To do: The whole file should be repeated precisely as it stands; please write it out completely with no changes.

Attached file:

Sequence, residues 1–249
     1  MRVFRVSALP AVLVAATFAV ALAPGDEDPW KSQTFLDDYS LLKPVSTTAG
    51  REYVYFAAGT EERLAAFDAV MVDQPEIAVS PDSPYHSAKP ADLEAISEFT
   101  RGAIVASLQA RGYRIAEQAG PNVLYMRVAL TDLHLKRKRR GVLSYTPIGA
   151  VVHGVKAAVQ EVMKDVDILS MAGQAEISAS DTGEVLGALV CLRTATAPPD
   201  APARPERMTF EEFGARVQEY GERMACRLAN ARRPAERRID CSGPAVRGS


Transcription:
Sequence, residues 1–249
     1  MRVFRVSALP AVLVAATFAV ALAPGDEDPW KSQTFLDDYS LLKPVSTTAG
    51  REYVYFAAGT EERLAAFDAV MVDQPEIAVS PDSPYHSAKP ADLEAISEFT
   101  RGAIVASLQA RGYRIAEQAG PNVLYMRVAL TDLHLKRKRR GVLSYTPIGA
   151  VVHGVKAAVQ EVMKDVDILS MAGQAEISAS DTGEVLGALV CLRTATAPPD
   201  APARPERMTF EEFGARVQEY GERMACRLAN ARRPAERRID CSGPAVRGS